At home, he would play with a neighbor’s cat whenever I took him out to do his business. So much so that I got a cat for him when we moved into our house.
I took him to the mountains to show him the sheep, cows and pottoks.
When we walked along the ocean in Anglet, I didn’t tie him up. As soon as he saw a dog, he would look at me to see if he could approach or not. Depending on my nod, he would greet the friend or not. Now, he is able to see by himself if it is safe to approach or not. And since he knows that I am there to watch over him and intervene if necessary, he is not afraid.
The one thing you should never do is hug your dog as soon as you see another dog, just because he is small. You will only instill in your dog a fear of other dogs, which may well translate into aggressive behavior towards them.
9.Interactions with other humans / children.
Let your dog meet as many different people as possible: with glasses, a hat, on a scooter, with a surfboard… The sooner you get him used to all kinds of people, the less fearful he will be.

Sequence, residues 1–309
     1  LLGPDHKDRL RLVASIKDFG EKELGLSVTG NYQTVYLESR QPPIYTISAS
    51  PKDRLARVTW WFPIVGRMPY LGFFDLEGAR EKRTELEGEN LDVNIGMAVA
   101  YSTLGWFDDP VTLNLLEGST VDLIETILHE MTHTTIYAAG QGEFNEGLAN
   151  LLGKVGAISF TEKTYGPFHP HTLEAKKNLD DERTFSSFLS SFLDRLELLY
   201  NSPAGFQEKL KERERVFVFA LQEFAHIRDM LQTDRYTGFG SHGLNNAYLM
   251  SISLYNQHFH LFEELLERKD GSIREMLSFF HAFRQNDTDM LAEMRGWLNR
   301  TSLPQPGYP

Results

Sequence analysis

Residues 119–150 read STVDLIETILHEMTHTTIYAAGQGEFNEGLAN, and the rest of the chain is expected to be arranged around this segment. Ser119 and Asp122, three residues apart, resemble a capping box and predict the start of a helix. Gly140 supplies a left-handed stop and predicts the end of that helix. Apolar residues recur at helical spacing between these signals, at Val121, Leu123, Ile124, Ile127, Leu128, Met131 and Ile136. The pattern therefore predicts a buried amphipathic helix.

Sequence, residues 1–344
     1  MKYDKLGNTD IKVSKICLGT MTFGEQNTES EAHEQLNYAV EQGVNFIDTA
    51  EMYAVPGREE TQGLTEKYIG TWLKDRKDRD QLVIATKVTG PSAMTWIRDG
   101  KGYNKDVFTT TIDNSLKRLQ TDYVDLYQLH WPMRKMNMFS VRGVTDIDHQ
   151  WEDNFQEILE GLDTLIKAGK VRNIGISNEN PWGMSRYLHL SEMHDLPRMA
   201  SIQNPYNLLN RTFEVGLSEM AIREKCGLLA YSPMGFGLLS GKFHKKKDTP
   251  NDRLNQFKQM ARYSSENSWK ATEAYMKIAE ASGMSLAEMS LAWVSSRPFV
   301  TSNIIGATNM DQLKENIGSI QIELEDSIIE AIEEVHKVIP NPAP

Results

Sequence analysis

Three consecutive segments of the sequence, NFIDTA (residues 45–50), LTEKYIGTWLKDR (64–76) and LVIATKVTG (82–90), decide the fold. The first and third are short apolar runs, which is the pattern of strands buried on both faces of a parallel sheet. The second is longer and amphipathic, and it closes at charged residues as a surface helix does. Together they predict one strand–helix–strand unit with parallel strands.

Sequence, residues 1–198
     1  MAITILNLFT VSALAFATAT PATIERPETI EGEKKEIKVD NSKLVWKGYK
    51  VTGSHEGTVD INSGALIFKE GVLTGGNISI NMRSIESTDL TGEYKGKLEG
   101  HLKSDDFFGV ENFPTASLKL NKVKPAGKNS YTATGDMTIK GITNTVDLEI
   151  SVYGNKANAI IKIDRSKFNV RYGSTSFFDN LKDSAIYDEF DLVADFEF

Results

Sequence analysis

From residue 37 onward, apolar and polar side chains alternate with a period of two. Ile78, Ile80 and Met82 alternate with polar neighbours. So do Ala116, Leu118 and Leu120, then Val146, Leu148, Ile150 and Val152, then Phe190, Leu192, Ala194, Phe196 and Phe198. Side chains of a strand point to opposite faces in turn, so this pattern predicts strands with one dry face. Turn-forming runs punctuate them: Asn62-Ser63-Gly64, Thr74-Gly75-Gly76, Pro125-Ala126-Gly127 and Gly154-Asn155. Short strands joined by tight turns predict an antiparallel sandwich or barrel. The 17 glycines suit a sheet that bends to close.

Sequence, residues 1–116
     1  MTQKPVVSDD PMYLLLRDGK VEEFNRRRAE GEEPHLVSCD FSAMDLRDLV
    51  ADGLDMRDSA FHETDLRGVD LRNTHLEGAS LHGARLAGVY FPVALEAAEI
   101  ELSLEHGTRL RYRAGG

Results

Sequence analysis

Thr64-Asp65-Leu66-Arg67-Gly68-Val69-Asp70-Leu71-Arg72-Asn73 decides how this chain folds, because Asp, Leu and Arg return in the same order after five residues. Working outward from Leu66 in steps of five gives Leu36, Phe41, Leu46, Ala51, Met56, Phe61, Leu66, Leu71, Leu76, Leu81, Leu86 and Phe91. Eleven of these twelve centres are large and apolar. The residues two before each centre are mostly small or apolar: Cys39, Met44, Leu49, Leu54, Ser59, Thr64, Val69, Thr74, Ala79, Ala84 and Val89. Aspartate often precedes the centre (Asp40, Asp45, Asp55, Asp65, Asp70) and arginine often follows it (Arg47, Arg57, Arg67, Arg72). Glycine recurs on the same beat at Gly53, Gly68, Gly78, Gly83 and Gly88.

Also put him in contact with children quickly, both so that he gets used to gestures that can sometimes be brusque, and so that he too learns to be careful in his games.
10. Get him used to the sounds.
Some unusual noises can be disturbing to a dog.
With Jahan, I used the trick of a friend who also has a westie: during the first storms, I sang, played with Jahan. In short, I behaved in such a way that he understood that everything was fine. He was never afraid of thunder and lightning.
To go even further.
That was only early puppy training. I go farther with Jahan.
He is an integral part of my home and it is very important for me to show him that I respect his personality.
This respect requires certain things:
- Accountability. When he was 3 years old, we went to keep a Cairn Terrier dog in Saint Paul De Vence, Coco. Her owners did not impose any rules on her, Coco could not be let free and she did not know how to walk on a leash properly (her owners even used a lanyard!). I tied the two dogs together and it was Jahan who led Coco. He took the right side – the master’s side – and refused to let Coco change sides. He would pull her when she got too close to the road. He was very proud to feel empowered and our relationship grew even stronger. When he got tired of taking care of her, he would take the leash off the handle that was around his neck.